3D Printer Plans News Round Up For Friday 28/03/2014
Foodini Hits Kickstarter, Starts At $1,000
Foodini is set to be the first, widely available desktop 3D printer for food creation. Now, Natural Machines, the company behind Foodini, has launched the printers first Kickstarter campaign and backers are already going crazy. The Foodini will make its way into kitchens all over the world by January 2015.
While you’re probably not going to be printing five star Michelin restaurant quality food, the Foodini will be perfectly capable of printing savory or sweet cuisine. For example it will be able to print perfectly-round pizza dough’s, and even put sauce on top. It will also be able to print a wide range of different nutritious foods including, burgers, pastas (ravioli, gnocchi, spaghetti), chicken nuggets, pizza, brownies, chocolate and a whole host of other meals.
Instead of limiting the Foodini to proprietary food cartridges, the team at Natural Machines decided it would be better to let users fill up empty capsules from the comfort of their own home. All you need to do is load the required ingredients into Foodini’s food capsules, select the recipe you want from the printers touch panel, and then watch as your meal is created layer-by-layer.
Early bird’s will be able to get a Foodini for a reduced price of $999, which will be delivered in January 2015. The retail version will be priced at $1,300 and will be available after Kickstarter orders.
3D Printed Skull Replacement Successfully Implanted
Surgeons and researchers at the University Medical Center in Utrecht have successfully implanted a 3D printed replacement skull into a 22-year-old Dutch woman who suffered from a rare bone disease. Dr.Bon Verweij, lead surgeon on the case, said “With 3D printing we can customize implants to their exact size. It has great cosmetic and medicinal benefits. Patients’ brain function often recovers better than the traditional methods.”
The patients disorder had caused overgrowth of her old skull from a normal thickness of 1.5 centimeters to an incredible 5cm (2 inches). While details of the operation are scarce, the transparent implant appears to be a permanent fixture within the patients head. The two halves of the of implant are attached with standard titanium clasps and surgeons can select the right titanium pieces to fit with the skull. An Australian firm made the skull implant.
3D printing is changing the way operations are done. Surgeons can now fully customize an implant to the contours of a patients bone structure and shape.
HSS 3D Printer Could Replace Injection Moulding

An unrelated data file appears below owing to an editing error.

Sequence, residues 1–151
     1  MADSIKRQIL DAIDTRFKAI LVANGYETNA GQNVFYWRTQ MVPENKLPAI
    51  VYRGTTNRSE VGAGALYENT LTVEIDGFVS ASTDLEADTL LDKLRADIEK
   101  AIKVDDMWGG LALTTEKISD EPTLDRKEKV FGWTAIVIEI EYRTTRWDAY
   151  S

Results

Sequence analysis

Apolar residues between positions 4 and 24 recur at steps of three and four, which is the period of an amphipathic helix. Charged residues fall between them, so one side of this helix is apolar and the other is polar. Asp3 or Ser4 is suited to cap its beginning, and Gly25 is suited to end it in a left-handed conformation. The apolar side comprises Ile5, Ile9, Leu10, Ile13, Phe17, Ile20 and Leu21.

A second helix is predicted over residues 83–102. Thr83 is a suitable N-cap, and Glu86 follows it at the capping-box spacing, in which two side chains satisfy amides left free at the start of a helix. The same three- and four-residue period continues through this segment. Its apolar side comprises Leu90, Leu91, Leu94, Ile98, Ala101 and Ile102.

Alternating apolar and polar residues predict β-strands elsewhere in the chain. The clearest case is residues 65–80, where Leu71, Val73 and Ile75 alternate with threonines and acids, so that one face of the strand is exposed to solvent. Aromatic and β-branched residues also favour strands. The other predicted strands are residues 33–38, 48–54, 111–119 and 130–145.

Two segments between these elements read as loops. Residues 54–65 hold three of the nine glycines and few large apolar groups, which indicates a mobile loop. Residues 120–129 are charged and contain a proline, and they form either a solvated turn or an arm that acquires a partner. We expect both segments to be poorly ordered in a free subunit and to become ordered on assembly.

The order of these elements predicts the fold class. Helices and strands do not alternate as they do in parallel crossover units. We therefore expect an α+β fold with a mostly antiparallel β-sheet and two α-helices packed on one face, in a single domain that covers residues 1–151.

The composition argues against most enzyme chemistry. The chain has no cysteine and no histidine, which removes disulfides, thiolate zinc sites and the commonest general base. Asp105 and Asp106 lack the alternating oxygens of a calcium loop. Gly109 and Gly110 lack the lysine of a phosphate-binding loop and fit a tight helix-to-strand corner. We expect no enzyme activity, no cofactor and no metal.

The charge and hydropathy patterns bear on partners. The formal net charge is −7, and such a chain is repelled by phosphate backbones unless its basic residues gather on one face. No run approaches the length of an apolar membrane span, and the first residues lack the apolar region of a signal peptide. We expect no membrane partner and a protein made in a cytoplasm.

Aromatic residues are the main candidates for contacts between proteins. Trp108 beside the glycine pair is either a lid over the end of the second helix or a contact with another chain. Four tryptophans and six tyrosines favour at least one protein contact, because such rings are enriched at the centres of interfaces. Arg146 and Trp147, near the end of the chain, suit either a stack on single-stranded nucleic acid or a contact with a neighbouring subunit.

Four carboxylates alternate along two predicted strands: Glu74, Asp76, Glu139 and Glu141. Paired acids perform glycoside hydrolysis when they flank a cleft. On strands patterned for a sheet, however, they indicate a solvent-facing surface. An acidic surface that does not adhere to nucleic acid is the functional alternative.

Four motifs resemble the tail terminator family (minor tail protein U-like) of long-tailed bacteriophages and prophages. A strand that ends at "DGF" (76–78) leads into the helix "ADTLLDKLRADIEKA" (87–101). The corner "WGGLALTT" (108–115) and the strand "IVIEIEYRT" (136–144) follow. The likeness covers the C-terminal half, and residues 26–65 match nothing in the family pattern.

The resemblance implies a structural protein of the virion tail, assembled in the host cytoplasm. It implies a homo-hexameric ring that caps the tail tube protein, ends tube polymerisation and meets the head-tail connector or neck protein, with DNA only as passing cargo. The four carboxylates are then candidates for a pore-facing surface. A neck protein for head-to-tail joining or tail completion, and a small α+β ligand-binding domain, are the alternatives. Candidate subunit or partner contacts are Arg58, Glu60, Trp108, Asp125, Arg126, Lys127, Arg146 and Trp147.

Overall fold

Additive manufacturing has one major limiting factor, its speed, but that could all change with the introduction of FACTUM, a 3D printer based on high-speed sintering or HSS. FACTUM has just been awarded £1.5 million in funding from the Technology Strategy Board (TSB) and industry partners such as BAE. Loughborough University invented HSS some time ago and has since been studying the rapid printing process. Professor Neil Hopkinson, a former member of Loughborough’s team now leads the team at Sheffield’s Department of Mechanical Engineering working on FACTUM.
HSS and FACTUM could completely revolutionize manufacturing. Hopkinson told the TCT magazine, “ we’re beginning to find some geometries where we expect it to be cheaper to use HSS than to injection mould for any production volume. To date, it’s been the case that it’s only cheaper to additive manufacture a product up to a certain production volume, thereafter it’s cheaper to injection mould. But we’ve found for some geometries this is no longer the case. With HSS, we predict for a substantial range of products it will always be cheaper than injection moulding, which won’t be able to compete on cost in these cases. We think this is a very profound first for additive manufacturing.”
Compared to selective laser sintering (SLS), HSS appears to be able to print in a wider range of materials. Apparently, the process is already capable of producing finger sized parts at less than one second per part. Hopkinson said “The paradox – Hopkinson says – is that the heat is applied more gently and for a longer time than the laser, which translates into minimal particle damage and improved sintering quality.”
This technology could completely make us rethink how objects are created and designed. It could lead to mass produced custom parts, a true 3D printers dream.